Study: Hospital-Associated Infections Tied to Increased Readmission Risk

Patients with healthcare-associated infections have a higher risk of being readmitted to a hospital after discharge compared with patients without an infection, according to a study in Infection Control and Hospital Epidemiology.

Researchers studied adult patients admitted to an academic, tertiary care referral center from Jan. 1, 2001 to Dec. 31, 2008. They focused on patients with a clinical culture positive for methicillin-resistant Staphylococcus aureus, vancomycin-resistant enterococci or Clostridium difficile acquired more than 48 hours after hospital admission. They analyzed the association between these infections and the time to readmission.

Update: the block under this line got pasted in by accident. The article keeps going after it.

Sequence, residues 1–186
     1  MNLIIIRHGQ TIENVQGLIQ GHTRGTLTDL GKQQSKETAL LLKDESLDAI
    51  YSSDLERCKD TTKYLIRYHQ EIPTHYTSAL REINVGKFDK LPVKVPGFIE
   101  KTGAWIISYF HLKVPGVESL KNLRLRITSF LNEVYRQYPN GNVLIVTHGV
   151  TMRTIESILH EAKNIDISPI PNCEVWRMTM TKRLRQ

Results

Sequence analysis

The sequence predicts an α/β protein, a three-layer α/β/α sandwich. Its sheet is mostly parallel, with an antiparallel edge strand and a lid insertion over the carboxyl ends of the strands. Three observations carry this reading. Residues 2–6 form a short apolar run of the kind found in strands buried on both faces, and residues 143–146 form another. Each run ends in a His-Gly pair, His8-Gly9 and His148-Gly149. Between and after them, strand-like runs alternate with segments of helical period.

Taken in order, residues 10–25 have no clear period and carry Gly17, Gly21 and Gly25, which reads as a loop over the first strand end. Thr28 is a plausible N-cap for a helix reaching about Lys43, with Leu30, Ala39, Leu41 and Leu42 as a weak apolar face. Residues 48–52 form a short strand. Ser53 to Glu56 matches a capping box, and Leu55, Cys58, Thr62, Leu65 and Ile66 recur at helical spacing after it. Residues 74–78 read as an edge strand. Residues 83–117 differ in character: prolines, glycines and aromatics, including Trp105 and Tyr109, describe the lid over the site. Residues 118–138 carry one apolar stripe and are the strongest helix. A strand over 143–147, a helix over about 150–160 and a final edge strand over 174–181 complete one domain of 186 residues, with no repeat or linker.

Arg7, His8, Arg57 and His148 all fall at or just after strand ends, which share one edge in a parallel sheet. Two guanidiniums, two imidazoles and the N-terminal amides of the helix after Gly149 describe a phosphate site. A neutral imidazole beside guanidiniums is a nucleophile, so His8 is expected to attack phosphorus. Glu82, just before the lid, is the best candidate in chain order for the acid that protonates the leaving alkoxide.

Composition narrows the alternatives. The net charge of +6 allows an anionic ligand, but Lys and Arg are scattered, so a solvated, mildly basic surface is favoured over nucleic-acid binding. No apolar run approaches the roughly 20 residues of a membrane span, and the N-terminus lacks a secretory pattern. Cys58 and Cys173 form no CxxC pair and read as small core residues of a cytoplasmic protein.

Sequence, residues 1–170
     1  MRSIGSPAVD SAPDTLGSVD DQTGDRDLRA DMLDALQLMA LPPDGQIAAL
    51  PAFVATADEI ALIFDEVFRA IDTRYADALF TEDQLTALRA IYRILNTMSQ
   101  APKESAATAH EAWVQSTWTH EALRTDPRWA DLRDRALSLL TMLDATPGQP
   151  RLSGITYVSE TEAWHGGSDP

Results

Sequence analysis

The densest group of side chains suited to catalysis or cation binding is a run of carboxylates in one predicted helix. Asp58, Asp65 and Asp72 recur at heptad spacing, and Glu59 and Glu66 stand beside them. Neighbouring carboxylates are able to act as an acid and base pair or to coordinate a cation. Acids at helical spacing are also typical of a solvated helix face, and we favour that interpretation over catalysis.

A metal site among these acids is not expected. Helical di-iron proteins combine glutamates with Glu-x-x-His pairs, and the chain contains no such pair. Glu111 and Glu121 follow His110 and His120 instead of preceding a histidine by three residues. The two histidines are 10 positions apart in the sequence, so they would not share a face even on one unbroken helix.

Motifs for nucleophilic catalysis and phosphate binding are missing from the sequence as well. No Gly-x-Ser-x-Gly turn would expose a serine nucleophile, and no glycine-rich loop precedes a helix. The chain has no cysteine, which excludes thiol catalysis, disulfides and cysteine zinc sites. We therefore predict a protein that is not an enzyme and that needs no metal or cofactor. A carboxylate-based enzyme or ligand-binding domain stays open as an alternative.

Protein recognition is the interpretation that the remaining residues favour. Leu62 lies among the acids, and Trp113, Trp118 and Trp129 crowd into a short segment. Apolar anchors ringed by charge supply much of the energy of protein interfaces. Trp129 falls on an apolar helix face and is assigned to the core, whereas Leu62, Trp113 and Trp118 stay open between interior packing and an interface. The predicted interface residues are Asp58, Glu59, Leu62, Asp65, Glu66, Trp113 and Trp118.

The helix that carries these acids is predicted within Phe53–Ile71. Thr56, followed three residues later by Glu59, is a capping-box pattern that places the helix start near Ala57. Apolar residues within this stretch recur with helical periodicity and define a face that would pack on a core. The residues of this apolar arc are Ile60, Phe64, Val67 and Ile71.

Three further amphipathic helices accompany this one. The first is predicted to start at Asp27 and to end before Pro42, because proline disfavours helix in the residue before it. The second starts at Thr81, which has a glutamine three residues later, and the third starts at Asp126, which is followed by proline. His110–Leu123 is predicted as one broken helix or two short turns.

Results showed 25 percent of patients who acquired one of the three infections more than 48 hours after admission were readmitted within 30 days compared with 15 percent of patients without an infection. In addition, the time to readmission was shorter for patients with an infection: Median time to readmission was 27 days for patients with an infection compared with 59 days for patients without an infection.

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